“Lightly, my darling, lightly. Even when it comes to dying. Nothing ponderous, or portentious, or emphatic. No rhetoric, no tremolos, no self-conscious persona putting on its celebrated imitation of Christ or Goethe or Little Nell. And, of course, no theology, no metaphysics. Just the fact of dying and the fact of the Clear Light. So throw away all your baggage and go forward. There are quicksands all about you, sucking at your feet, trying to suck you down into fear and self-pity and despair. That’s why you must walk so lightly. . . .”
“The Light,” came the hoarse whisper, “the Clear Light. It’s here — along with the pain, in spite of the pain.”
“And where are you?”
“Over there, in the corner. I can see myself there. And she can see my body on the bed.”
“Brighter,” came the barely audible whisper, “brighter.” And a smile of happiness intense almost to the point of elation transfigured her face.
Through his tears Dr. Robert smiled back at her. “So now you can let go, my darling.” He stroked her gray hair. “Now you can let go. Let go,” he insisted. “Let go of this poor old body. You don’t need it anymore. Let it fall away from you. Leave it lying there like a pile of worn-out clothes. . . . Go on, go on into the Light, into the peace, into the living peace of the Clear Light.”
Once, in the Orient, I talked of suicide with a sage whose clear and gentle eyes seemed forever to be gazing at a never-ending sunset. “Dying is no solution,” he affirmed. “And living?” I asked. “Nor living either,” he conceded. “But, who tells you there is a solution?”
For what is it to die but to stand naked in the wind and to melt into the sun.
Every moment is a risk.
. . . I am in the endless deliberate instant of the vision given by death, the million dying spasms of the radiating consciousness of words, the last of me, wailing within, turbulent with the terror that I no longer know where I am, nor if there are voices to hear me and answer back. . . . the vortex does not stop, the winds of the whirlpool — God’s gyre again? — are heavy with consequence, and I sink or do I fly? all vectors gone, while in my center, clear as the icy eye of cocaine, I race toward a point of judgment, my courage and cowardice (my masculine thrust and retreat from the avaricious energy-plucking hairy old grotto of Time) trailing behind me in that comet of connotations which is the past topographically reversed by the vision of now, as if in recovering the past I am chasing after the future, so that the past, the net of the name-giving surface perceiving past, is my future again, and I go out into the past, into the trail of the cold eye of past relationship, the eye of my I at home in the object-filled chaos of any ego I choose, at least for this short while between the stirrup and the ground, for in an instant — will it be eternally long? like some cell at the crisis of its cellish destiny, I race into the midnight mind, the dream-haunted determinations of that God of whom I was a part, and will He choose me to be born again? have I proven one of His best? am I embryo in some belly of the divisible feminine Time, or is the journey yet to make? Or worst of all am I? — and the cry which is without sound shrieks in my ears — am I already on the way out? a fetor of God’s brown sausage in His time of diarrhea, oozing and sucking and bleating like a fecal puppy about to pass away past the last pinch of the divine sphincter with only the toilet of Time, oldest hag of them all, to spin me away into the spiral of star-lit empty waters. So I approach Him, if I have not already lost Him, God, in His destiny, in which he may succeed, or tragically fail, for God like us suffers the ambition to make a destiny more extraordinary than was conceived for Him, yes God is like Me, only more so.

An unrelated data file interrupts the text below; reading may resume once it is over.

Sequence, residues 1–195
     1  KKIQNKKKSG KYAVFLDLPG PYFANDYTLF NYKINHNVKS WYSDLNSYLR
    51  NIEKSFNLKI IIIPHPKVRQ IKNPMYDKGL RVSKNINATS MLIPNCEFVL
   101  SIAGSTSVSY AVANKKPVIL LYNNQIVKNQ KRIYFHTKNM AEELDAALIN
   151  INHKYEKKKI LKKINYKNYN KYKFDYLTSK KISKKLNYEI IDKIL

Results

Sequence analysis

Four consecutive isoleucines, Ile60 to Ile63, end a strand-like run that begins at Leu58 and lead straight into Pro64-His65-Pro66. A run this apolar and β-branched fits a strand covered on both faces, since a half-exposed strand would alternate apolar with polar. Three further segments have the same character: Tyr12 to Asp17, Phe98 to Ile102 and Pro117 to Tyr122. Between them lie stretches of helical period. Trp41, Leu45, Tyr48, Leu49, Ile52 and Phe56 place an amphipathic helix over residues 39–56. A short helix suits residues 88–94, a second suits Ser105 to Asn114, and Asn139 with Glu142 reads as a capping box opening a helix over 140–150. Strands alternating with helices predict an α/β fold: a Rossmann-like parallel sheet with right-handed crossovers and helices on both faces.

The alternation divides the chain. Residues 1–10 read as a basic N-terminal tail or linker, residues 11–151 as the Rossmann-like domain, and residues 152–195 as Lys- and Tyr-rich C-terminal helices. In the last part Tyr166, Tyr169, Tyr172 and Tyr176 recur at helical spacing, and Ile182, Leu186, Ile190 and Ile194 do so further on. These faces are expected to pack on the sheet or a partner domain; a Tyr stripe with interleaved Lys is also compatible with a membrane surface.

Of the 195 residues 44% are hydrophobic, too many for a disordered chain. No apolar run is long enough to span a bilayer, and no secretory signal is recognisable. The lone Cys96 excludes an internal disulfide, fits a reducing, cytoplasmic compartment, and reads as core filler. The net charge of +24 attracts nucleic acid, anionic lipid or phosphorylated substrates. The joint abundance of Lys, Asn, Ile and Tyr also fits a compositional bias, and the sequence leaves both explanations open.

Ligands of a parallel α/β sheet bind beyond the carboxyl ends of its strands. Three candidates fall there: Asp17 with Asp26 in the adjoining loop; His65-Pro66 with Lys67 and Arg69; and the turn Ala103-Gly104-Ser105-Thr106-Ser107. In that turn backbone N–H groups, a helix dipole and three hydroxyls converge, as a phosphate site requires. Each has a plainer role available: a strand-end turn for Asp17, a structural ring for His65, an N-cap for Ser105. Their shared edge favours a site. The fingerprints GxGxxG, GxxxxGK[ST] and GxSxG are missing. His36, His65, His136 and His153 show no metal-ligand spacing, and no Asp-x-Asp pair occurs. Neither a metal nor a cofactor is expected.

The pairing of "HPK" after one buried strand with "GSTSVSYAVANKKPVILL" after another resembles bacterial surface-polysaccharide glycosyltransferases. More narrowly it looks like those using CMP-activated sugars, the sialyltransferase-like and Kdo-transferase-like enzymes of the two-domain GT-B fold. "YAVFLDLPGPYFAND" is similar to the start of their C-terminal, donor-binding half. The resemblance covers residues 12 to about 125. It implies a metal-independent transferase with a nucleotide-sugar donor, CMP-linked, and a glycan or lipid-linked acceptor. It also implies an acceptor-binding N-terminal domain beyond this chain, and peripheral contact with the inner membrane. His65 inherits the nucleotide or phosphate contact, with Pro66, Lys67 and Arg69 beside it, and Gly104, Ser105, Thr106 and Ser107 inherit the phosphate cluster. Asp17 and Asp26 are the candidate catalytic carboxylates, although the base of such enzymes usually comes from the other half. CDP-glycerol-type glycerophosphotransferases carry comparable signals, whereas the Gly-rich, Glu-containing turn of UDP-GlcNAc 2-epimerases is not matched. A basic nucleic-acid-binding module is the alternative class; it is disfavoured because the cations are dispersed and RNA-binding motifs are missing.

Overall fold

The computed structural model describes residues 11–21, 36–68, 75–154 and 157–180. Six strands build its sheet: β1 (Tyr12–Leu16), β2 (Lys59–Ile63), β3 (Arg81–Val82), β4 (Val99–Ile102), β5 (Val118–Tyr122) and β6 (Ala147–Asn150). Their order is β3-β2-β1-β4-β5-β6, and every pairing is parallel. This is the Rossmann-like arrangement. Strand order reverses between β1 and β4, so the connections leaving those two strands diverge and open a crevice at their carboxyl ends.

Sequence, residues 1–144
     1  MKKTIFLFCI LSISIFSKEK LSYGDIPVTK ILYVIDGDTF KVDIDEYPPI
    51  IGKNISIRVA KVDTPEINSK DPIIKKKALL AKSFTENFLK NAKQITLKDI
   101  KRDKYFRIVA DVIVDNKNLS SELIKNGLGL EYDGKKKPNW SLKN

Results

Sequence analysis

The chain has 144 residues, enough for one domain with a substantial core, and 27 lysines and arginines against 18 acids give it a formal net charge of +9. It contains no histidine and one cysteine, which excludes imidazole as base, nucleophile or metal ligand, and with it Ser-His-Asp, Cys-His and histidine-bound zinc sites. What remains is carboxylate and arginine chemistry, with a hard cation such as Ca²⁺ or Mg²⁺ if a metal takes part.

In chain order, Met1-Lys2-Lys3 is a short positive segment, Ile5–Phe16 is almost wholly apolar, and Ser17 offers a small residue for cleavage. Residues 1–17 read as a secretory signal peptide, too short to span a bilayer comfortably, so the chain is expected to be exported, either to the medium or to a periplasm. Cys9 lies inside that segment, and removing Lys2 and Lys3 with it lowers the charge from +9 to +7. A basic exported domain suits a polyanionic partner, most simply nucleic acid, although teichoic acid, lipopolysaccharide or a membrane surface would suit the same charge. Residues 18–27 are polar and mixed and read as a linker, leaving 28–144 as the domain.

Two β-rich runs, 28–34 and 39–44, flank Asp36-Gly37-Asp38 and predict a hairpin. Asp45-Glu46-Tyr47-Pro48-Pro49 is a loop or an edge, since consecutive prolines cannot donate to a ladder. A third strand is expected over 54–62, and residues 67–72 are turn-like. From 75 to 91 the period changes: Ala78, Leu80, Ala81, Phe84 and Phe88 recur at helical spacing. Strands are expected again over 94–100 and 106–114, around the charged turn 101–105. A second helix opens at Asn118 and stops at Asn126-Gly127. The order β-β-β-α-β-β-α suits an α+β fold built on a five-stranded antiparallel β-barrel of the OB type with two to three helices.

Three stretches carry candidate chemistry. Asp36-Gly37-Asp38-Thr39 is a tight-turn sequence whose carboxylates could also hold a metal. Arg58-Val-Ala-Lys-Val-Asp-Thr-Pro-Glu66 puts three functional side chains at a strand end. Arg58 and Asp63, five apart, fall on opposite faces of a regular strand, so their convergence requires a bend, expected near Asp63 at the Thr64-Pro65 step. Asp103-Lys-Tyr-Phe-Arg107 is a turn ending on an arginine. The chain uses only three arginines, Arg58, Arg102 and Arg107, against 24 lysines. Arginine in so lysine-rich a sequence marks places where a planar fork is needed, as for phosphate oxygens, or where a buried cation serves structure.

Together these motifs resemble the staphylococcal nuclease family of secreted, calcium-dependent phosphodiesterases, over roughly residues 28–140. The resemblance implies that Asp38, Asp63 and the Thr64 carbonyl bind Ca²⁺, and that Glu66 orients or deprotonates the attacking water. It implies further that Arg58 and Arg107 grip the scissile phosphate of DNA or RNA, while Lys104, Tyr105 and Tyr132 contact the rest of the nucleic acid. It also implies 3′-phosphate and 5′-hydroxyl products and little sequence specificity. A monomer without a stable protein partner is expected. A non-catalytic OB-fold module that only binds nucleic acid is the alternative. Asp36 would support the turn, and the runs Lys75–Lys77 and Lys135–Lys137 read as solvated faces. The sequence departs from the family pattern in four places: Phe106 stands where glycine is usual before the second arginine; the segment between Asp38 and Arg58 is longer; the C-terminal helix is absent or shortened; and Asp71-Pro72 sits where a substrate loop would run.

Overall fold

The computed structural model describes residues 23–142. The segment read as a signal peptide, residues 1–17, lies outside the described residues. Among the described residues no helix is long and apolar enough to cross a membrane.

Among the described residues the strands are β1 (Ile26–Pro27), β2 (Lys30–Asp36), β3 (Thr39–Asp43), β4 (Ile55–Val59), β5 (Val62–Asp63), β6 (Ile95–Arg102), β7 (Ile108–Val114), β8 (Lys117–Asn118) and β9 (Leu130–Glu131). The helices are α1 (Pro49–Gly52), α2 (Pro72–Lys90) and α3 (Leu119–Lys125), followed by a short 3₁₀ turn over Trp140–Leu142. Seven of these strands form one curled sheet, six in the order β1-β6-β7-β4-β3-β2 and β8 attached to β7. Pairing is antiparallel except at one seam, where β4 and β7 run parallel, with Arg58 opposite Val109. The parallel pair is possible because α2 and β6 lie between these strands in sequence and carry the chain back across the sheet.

To the question “Where does the soul go, when the body dies?” Jacob Boehme answered: “There is no necessity for it to go anywhere.”
There is no separate, indivisible, specific point of death. Life is a state of becoming, and death is a part of this process of becoming. You are alive now, a consciousness knowing itself, sparkling with cognition amid a debris of dead and dying cells, alive while the atoms and molecules of your body die and are reborn. You are alive, therefore, in the midst of small deaths; portions of your own image crumble away moment by moment and are replaced, and you scarcely give the matter a thought. So you are to some extent now alive in the midst of the death of yourself — alive despite, and yet because of, the multitudinous deaths and rebirths that occur within your body in physical terms. . . .
The ideas that you have involving the nature of reality will strongly color your [after-death] experiences, for you will interpret them in the light of your beliefs, even as you now interpret daily life according to your ideas of what is possible or not possible. . . .
A belief in hell fires can cause you to hallucinate Hades’ conditions. A belief in a stereotyped heaven can result in a hallucination of heavenly conditions. You always form your own reality according to your ideas and expectations. This is the nature of consciousness in whatever reality it finds itself. Such hallucinations, I assure you, are temporary.
It is said by men who know about these things that the smallest living cell probably contains over a quarter of a million protein molecules engaged in the multitudinous coordinated activities which make up the phenomenon of life. At the instant of death, whether of man or microbe, that ordered, incredible spinning passes away in an almost furious haste of those same particles to get themselves back into the chaotic unplanned earth.
I do not think, if someone finally twists the key successfully in the tiniest and most humble house of life, that many of these questions will be answered, or that the dark forces which create lights in the deep sea and living batteries in the waters of tropical swamps, or the dread cycles of parasites, or the most noble workings of the human brain, will be much if at all revealed. Rather, I would say that if “dead” matter has reared up this curious landscape of fiddling crickets, song sparrows, and wondering men, it must be plain even to the most devoted materialist that the matter of which he speaks contains amazing, if not dreadful powers, and may not impossibly be, as Hardy has suggested, “but one mask of many worn by the Great Face behind.”